So what will it take to bring the mobile Web to life in a way that is both sustainable and suited to the mobile experience? And what are the consequences for apps and for the wired Web?

To start, we have to stop thinking about cell phones and Blackberrys as devices for making calls and sending e-mail. Mobile devices are our personal keys to access the Web all around us. The Web is everywhere, but we tend to access it two ways - from a fixed, wired location or on a cellular network from wherever we happen to be (laptops and more so, netbooks, occupy a middle ground). The benefits of one context are quite often the limitations of the other, and these attributes often complement the different needs we have of them.

For example, in a wired setting we enjoy sites with full features, content and graphics, thanks to a big screen, high processing power and large bandwidth. We don't have these benefits with our mobile devices, but we usually don't need them. Instead, mobile Web sites should offer us the basic information we are most likely seeking - the same functionality and information many of the apps currently offer.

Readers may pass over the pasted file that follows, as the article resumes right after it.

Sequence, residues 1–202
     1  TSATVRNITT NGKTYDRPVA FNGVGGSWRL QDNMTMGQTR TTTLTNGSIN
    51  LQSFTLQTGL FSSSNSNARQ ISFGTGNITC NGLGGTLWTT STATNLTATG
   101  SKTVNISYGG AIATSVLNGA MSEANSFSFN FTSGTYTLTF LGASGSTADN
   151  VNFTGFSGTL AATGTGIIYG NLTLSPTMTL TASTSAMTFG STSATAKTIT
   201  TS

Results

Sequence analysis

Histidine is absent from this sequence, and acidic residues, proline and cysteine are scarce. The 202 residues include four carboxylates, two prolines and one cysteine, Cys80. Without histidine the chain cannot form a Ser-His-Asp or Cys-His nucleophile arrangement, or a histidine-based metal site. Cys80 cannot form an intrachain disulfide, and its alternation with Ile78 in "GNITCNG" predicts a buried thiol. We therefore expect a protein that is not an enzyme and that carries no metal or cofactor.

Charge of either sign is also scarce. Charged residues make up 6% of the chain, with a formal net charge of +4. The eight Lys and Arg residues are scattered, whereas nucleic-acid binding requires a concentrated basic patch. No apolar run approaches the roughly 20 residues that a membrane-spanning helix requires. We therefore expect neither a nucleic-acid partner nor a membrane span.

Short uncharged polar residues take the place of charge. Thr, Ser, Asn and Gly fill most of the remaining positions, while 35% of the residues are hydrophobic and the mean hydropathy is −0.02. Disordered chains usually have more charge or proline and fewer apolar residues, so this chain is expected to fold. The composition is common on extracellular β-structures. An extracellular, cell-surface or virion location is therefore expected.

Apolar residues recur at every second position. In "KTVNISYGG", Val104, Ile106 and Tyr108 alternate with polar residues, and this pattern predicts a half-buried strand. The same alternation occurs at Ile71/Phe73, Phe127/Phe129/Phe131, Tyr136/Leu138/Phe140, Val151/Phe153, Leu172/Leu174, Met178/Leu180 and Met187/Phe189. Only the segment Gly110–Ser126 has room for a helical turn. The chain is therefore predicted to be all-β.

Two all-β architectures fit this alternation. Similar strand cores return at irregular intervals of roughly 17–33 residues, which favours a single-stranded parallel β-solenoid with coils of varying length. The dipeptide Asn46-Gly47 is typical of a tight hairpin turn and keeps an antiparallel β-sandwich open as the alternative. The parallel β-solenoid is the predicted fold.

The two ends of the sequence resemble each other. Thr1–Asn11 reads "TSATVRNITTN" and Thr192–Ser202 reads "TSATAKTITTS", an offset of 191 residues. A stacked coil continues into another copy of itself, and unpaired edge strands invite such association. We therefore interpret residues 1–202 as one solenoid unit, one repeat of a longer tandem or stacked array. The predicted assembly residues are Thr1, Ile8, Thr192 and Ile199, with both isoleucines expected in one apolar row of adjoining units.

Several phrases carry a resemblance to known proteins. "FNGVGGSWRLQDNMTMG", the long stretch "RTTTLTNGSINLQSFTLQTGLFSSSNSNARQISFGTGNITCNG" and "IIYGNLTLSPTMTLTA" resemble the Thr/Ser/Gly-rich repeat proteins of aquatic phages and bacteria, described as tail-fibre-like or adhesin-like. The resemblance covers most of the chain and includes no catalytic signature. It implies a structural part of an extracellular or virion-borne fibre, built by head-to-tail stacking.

In the case of a bank, this could be the ability to review accounts, transfer funds and pay bills. An airline site might enable users to check flight status or do a quick fare search. A restaurant should prominently display its phone number, with the option to click to call, and its address, linked to a map showing that location in relation to the user's. The sites are dumbed-down in a way that takes advantage of the smart capabilities of the device.

Industry backed consortiums like dotMobi are helping facilitate the growth of the mobile Web by spearheading standardization and creating tools that translate Web site content into a user-friendly mobile site. DotMobi is also making it easier to find mobile Web sites, with naming protocols like its ".mobi" domain.

The number of mobile-friendly sites has grown seven-fold in the past year, from 150,000 to about 1.1 million. In emerging countries, where mobile phones are much more prevalent than computers, the mobile Internet has surpassed the wired Web by default.

But this doesn't spell the overall demise of the wired Web, which will always be preferred in contexts that demand its unique capabilities, designing products, say, or even, for some consumers, reading documents. Nor will apps fade away as their predecessors, desktop widgets, have done. It has been said that there are sites that we live in and sites that we visit. The sites that we live in are the ones we are mostly like to have apps for - like the shortcuts on a computer desktop. The others will be sites that we visit via the mobile Web.

Then of course there are the fart-machine and virtual beer apps - works of genius that some might say eclipse anything the Internet has to offer. To top of page